Although baldness is not as common in women as in men, the psychological effects of hair loss tend to be much greater. Typically the frontal hairline is preserved but the density of hair is decreased on all areas of the scalp. Previously it was believed to be caused by testosterone just as in male baldness, but most women who lose hair have normal testosterone levels.
However, female hair loss has become a growing problem which, according to the American Academy of Dermatology, affects around 30 million women in the United States. Although hair loss in females normally occurs after the age of 50 or even later when it does not follow events like pregnancy, chronic illness, crash diets, and stress among others, it is now occurring at earlier ages with reported cases in women as young as 15 or 16.
Causes of female hair loss may vary from those that affect men. In the case of androgenic alopecia female hair loss occurs as a result of the action of androgens hormones (testosterone, androsteinedione, and dihydrotestosterone (DHT)). These male hormones normally occur in small amounts in women.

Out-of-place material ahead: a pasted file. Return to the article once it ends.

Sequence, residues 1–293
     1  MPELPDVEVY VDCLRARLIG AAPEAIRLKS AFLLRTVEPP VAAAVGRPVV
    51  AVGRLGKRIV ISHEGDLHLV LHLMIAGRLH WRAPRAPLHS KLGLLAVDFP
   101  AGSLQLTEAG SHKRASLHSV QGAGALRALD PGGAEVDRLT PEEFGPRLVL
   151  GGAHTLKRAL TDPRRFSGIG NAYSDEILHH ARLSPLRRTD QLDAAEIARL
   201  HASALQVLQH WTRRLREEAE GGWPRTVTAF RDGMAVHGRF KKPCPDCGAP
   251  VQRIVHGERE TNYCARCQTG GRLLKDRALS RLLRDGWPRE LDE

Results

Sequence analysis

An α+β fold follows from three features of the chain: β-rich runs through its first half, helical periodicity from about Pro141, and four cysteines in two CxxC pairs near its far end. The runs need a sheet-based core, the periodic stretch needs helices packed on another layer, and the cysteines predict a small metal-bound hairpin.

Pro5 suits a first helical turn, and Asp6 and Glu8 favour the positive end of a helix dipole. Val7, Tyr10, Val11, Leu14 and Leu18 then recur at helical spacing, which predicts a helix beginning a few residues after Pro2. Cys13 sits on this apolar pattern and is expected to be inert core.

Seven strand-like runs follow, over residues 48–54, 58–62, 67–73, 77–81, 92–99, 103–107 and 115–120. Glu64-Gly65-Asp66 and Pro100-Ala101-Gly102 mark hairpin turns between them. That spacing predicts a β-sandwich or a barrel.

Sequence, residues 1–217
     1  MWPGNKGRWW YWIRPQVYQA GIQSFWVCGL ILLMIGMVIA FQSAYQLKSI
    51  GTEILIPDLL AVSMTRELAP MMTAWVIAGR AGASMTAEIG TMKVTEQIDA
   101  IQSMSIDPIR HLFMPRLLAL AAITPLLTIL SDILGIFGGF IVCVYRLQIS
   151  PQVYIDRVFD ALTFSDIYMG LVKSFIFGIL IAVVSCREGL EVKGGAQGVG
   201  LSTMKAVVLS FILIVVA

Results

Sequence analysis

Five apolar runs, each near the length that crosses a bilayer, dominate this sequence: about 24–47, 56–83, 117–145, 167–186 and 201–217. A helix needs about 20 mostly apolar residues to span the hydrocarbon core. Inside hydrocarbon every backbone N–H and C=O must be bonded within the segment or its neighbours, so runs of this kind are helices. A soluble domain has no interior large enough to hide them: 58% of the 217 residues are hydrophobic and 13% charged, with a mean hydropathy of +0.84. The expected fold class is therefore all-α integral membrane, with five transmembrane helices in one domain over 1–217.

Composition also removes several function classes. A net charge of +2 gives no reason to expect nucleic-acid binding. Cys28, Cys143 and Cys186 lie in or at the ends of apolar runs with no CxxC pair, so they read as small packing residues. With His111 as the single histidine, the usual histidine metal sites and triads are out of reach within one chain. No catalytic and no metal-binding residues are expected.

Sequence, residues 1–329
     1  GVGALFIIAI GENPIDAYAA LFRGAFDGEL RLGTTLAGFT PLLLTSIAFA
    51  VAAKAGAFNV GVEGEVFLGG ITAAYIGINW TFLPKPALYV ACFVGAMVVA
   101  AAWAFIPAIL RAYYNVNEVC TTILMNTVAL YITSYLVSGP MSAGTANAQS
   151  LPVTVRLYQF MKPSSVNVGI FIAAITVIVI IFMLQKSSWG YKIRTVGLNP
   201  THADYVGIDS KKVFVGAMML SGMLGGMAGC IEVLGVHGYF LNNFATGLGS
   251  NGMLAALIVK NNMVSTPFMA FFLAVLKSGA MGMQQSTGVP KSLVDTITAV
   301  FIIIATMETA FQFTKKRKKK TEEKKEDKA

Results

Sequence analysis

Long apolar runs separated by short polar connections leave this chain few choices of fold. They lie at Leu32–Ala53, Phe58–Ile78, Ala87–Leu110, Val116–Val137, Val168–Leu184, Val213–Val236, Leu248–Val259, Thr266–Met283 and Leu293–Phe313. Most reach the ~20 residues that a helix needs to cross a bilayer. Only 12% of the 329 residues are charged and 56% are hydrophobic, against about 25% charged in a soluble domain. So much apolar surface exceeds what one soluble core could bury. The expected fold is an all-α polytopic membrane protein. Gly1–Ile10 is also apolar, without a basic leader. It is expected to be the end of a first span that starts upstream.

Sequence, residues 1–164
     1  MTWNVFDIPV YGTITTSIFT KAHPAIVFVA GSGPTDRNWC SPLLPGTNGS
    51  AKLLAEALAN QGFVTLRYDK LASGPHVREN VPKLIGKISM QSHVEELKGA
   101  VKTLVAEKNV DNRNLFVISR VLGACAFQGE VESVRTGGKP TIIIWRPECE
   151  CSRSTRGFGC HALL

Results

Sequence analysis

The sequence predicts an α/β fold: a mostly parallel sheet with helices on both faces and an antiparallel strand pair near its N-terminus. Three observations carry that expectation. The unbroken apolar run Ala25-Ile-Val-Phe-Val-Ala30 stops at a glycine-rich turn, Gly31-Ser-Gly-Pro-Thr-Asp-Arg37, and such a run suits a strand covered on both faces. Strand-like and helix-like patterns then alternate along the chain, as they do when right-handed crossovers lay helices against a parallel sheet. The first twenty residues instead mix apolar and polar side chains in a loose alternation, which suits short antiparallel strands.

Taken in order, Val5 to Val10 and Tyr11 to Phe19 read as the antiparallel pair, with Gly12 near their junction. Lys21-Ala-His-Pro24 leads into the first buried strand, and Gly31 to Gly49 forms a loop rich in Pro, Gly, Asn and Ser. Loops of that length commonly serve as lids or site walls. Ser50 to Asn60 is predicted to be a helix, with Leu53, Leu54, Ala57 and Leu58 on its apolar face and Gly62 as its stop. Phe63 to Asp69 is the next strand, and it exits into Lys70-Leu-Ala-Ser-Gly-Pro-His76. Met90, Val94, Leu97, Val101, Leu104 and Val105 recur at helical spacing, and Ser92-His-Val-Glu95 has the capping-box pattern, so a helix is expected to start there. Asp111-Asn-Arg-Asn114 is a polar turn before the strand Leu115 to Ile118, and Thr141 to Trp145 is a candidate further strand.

However, according to a dermatologist from Nassau University Medical Center androgenic alopecia is not the main cause of hair loss in women and dermatologists now prefer to call this condition female pattern hair loss (or Ludwig Pattern Baldness after the scale developed to diagnose it) instead of using the term androgenic alopecia. He adds that the female pattern is diffuse and goes around the whole top of the head and can affect women at any time.
There are other instances in which the actions of hormones may also cause female hair loss. Some examples are: pregnancy, menopause, presence of ovarian cysts, birth control pills with a high androgen index, polycystic ovary syndrome. Also thyroid disorders, anemia, chronic illness and some medications can also cause female hair loss.